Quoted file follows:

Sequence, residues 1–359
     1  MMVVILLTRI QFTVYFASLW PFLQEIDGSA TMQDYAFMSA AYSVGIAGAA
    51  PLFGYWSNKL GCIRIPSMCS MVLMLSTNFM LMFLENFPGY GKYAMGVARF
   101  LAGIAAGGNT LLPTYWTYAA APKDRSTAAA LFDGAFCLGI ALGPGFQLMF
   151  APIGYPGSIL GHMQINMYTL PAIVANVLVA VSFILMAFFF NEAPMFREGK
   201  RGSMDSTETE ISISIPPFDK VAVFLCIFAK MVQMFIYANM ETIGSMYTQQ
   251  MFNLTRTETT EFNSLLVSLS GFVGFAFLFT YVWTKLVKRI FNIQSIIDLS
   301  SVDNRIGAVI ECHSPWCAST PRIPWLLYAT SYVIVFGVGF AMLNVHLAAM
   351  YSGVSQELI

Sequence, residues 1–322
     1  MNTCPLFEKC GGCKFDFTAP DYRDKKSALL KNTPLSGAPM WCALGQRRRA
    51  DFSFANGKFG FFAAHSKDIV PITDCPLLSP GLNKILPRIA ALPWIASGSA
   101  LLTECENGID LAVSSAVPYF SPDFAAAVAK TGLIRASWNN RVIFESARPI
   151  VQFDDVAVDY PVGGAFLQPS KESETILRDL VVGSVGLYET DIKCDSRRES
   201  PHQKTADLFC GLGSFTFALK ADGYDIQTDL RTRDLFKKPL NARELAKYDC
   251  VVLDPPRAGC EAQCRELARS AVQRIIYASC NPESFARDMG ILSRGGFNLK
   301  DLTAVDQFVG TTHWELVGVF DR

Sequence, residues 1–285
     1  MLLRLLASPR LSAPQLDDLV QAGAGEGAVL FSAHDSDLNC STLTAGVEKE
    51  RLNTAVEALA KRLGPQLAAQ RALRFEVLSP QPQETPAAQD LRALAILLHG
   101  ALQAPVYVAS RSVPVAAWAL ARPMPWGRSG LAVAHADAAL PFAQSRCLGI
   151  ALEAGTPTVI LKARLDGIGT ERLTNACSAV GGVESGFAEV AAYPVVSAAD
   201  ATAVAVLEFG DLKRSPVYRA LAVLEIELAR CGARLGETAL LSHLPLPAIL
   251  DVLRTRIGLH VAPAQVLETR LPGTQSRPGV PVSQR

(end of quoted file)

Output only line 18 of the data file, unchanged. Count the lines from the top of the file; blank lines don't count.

Sequence, residues 1–285